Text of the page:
3 Modes Of Thinking: Lateral, Divergent, and Convergent

Modes Of Thinking – A fundamental element of humanity is our capacity for serious belief and imaginative creativity. It appears as though our capability and choice to do so repeatedly in some ways define us as kinds.

Furthermore, it is not a tremendous leap to assert that the ability and proclivity to think critically, thoughtfully, and imaginatively are more important than topic knowledge, but that is a discussion for another day.

3 Modes Of Thinking: Lateral, Divergent & Convergent Thought

1. Convergent Thinking

Summary: Using logic

Wikipedia Excerpt & Overview

‘Convergent thinking is a term coined by Joy Paul Guilford’ (who also coined the term for the ‘opposite’ way of thinking, ‘Divergent Thinking’).

‘It generally means the ability to give the “correct” answer to standard questions that do not require significant creativity, for instance in most tasks in school and on standardized multiple-choice tests for intelligence.

Convergent thinking is frequently utilised alongside divergent thinking. Convergent thinking is a way of thinking that is oriented around the goal of developing a single, well-established solution to a problem. Convergent thinking is a technique for problem-solving creativity. When an individual applies critical thinking to a situation, they intentionally form conclusions based on standards or probability. This is in contrast to divergent thinking, which defers judgement in favour of exploring and accepting a variety of viable solutions.’

2. Divergent Thinking

Summary: Using imagination

Also called: Creative Thinking or Horizontal Thinking

Wikipedia Excerpt & Overview

‘Divergent thinking is a thought process or method used to generate creative ideas by exploring many possible solutions. It is often used in conjunction with its cognitive colleague, convergent thinking, which follows a particular set of logical steps to arrive at one solution, which in some cases is a ‘correct solution. By contrast, divergent thinking typically occurs in a spontaneous, free-flowing, ‘

By contrast, divergent thinking generally occurs in a spontaneous, free-flowing, ‘non-linear’ fashion, resulting in the generation of several ideas through emergent cognitive processes. Numerous alternative solutions are investigated in a short period of time, and unexpected connections are made. After the process of divergent thinking is complete, convergent thinking is used to organise and arrange thoughts and information.’

3. Lateral Thinking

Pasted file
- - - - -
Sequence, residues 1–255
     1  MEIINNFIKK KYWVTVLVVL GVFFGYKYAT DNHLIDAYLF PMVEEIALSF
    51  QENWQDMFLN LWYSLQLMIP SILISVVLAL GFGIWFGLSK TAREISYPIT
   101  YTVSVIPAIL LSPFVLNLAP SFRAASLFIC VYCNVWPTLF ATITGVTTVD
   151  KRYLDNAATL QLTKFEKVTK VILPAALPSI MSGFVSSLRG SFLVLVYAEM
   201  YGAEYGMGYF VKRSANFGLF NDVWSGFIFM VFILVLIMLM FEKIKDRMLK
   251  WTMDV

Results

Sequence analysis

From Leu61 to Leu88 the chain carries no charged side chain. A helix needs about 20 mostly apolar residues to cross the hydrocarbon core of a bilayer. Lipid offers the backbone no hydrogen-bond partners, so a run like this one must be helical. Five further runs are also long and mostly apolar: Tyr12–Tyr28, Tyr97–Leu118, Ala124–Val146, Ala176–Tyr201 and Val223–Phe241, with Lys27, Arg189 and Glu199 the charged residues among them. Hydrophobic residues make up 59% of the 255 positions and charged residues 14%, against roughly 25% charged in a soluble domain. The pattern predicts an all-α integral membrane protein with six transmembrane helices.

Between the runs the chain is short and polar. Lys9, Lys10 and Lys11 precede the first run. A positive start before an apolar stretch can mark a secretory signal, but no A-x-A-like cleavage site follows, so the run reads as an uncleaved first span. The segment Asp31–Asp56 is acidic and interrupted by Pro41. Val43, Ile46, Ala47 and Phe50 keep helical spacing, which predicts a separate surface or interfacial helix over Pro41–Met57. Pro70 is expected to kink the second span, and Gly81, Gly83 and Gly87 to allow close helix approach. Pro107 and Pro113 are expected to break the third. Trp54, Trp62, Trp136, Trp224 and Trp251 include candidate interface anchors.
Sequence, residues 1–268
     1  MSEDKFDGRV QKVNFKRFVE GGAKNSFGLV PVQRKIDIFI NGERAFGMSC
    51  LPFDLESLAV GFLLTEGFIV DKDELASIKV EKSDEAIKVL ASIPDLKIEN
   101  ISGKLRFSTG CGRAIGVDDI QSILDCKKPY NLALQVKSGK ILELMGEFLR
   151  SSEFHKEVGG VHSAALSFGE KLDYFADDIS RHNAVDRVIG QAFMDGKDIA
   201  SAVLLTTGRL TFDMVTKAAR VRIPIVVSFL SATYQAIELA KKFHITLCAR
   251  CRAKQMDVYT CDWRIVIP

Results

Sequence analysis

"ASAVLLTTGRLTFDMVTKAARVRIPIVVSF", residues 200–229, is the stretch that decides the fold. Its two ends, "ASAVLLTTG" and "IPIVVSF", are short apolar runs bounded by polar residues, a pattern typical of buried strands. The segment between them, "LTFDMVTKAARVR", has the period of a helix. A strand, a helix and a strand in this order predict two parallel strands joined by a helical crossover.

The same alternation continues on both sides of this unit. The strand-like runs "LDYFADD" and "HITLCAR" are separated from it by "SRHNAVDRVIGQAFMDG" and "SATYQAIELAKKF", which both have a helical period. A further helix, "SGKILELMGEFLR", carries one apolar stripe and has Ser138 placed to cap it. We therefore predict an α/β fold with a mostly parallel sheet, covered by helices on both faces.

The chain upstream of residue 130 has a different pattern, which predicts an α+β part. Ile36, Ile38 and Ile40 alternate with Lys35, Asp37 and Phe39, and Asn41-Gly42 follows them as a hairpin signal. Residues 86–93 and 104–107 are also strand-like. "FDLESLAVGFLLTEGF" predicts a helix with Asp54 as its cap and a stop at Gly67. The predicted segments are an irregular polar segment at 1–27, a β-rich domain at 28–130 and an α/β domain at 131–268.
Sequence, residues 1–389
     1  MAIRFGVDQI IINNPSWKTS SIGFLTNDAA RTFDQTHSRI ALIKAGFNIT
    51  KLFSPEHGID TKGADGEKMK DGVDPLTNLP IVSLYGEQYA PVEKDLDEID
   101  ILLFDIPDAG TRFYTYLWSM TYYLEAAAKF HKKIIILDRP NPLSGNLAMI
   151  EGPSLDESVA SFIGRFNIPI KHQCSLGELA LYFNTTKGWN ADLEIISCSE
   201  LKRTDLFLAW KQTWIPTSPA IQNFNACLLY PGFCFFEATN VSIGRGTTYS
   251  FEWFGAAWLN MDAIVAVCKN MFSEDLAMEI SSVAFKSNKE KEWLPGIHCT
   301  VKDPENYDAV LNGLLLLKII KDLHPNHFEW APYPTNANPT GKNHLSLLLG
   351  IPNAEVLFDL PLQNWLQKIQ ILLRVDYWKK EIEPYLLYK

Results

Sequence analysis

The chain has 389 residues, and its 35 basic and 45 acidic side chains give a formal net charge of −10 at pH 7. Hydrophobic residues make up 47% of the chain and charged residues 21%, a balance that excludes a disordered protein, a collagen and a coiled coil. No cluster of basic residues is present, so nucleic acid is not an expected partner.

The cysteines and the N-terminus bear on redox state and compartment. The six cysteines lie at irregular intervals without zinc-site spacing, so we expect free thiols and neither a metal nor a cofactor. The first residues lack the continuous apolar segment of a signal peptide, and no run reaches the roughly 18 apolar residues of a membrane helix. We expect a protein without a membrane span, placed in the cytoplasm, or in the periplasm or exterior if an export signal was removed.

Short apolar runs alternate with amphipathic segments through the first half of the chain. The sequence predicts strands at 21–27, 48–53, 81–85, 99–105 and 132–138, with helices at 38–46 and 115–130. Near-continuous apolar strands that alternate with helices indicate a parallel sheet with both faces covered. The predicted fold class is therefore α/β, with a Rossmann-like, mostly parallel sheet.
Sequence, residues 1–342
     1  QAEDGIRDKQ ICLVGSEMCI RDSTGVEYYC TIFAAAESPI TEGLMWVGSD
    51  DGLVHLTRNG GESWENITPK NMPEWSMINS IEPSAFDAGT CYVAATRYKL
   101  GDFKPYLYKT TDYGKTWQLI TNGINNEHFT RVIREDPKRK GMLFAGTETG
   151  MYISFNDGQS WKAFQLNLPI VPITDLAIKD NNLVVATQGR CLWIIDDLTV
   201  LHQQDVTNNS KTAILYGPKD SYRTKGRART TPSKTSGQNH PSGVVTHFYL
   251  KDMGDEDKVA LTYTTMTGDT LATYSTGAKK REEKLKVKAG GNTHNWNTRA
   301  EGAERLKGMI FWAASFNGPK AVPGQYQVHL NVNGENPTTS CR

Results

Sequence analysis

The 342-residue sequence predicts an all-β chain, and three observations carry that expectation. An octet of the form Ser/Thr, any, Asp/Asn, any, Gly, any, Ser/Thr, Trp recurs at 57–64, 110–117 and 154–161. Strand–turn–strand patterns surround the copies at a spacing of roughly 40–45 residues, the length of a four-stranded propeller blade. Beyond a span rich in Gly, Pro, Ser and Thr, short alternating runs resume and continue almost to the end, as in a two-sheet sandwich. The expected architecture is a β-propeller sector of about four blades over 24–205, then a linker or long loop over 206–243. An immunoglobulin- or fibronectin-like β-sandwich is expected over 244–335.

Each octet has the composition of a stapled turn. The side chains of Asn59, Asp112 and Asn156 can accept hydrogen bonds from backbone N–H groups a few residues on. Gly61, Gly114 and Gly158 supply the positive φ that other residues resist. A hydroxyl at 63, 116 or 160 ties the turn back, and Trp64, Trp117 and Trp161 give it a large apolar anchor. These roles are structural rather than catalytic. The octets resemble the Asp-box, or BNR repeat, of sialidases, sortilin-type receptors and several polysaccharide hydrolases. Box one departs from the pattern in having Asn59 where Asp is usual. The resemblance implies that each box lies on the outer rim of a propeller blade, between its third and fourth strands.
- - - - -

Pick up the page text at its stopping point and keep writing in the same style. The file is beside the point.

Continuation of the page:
Summary: Using both Convergent and Divergent Thinking

Also called: ‘Thinking Outside the Box’

Wikipedia Excerpt & Overview

‘Lateral thinking is solving problems through an indirect and creative approach, using reasoning that is not immediately obvious and involving ideas that may not be obtainable by using only traditional step-by-step logic.

To grasp lateral thinking, it is important to make a comparison between it and critical thinking. Critical thinking is preoccupied with determining the truthfulness of statements and identifying mistakes. Lateral thinking is more concerned with a statement’s or idea’s “movement value.” A person uses lateral thinking to progress from one well-known concept to the generation of new ones.’

Challenges while Thinking

It is critical to provide the creative process with a structure, a framework within which to define your ideas. If you attempt to push ahead too quickly without first laying the framework, the breadth and depth of your solutions will suffer.

The first step is to clearly characterise the issue. To convey the challenge succinctly and plainly. Rejecting the first definitions and delving further into the issue will provide bigger rewards in the following phases. The more you know and comprehend the difficulty, the more ideas for the following phase will begin to flow.

It’s also critical to state the issue in order to comprehend what the remedy may look like. Visualizing the sort of solution and the objectives you intend to accomplish is a necessary step on the path to a solution.

Every act of creativity starts with a question; Why or What-If? By asking several questions, you begin to develop numerous possibilities. This is why optimism and a good attitude are critical at this time, although judgement should be reserved till later. You must spread in all directions without regard for an idea’s legitimacy or prospective efficacy.

Emergent Thinking

At some point throughout the brainstorming process, wholly new ideas and concepts will emerge that are larger than the sum of their parts. By investigating possibilities and producing several ideas, various new thoughts and solutions emerge from the synthesis of those ideas that could not be discovered in isolation.

Emergent thinking occurs when you advance toward previously unknown options that become obvious only via comparison and combination of created thoughts.

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